“Writing a novel is like driving a car at night. You can only see as far as your headlights, but you can make the whole trip that way.”
~ E. L. Doctorow
Edgar Lawrence Doctorow (born January 6, 1931) is an American author. His novels have been published in over thirty languages. He has written several historical novels, for instance, set in the American West, the 1940s-1950s, the 1920s, and the Civil War.
To support his family, Doctorow spent nine years as a book editor, first at NAL working with Ian Fleming and Ayn Rand among others; and from 1964, as editor-in-chief at The Dial Press, publishing work by James Baldwin, Norman Mailer, Ernest J. Gaines and William Kennedy, among others.
In 1969, Doctorow left publishing in order to write, accepting a position as Visiting Writer at the University of California, Irvine, where he completed The Book of Daniel (1971), a freely fictionalized consideration of the trial and execution of Julius and Ethel Rosenberg for allegedly giving nuclear secrets to the Soviet Union during the Cold War. It was widely acclaimed, called a “masterpiece” by The Guardian, and said by The New York Times to launch the author into “the first rank of American writers” according to Christopher Lehmann-Haupt.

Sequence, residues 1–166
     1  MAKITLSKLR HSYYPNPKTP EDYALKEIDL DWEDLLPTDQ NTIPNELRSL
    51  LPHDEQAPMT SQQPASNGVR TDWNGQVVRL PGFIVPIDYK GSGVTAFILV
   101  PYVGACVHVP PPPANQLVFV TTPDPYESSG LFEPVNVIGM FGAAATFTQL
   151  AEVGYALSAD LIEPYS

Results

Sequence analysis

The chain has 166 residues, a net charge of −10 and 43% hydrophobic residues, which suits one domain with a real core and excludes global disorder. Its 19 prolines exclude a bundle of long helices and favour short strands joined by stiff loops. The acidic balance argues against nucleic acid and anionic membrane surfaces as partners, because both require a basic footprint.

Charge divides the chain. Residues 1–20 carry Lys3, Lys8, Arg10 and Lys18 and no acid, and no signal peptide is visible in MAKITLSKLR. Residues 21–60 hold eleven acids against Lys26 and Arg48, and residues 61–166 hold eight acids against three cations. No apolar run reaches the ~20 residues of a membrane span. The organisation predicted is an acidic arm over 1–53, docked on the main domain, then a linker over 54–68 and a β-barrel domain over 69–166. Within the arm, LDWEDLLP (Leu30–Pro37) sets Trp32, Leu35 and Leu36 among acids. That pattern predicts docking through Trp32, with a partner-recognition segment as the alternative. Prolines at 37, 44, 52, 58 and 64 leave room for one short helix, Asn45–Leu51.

Doctorow’s next book, written in his home in New Rochelle, New York, was Ragtime (1975), later named one of the 100 best novels of the 20th century by the Modern Library editorial board.
His subsequent work includes the award-winning novels World’s Fair (1985), Billy Bathgate (1989) and The March (2005); two volumes of short fiction, Lives of the Poets I (1984) and Sweetland Stories (2004); and two volumes of essays, Jack London, Hemingway, and the Constitution (1993) and Creationists (2006).
He has taught at Sarah Lawrence College, the Yale School of Drama, the University of Utah, the University of California, Irvine, and Princeton University. He is the Loretta and Lewis Glucksman Professor of English and American Letters at New York University. He has donated his papers to the Fales Library of New York University.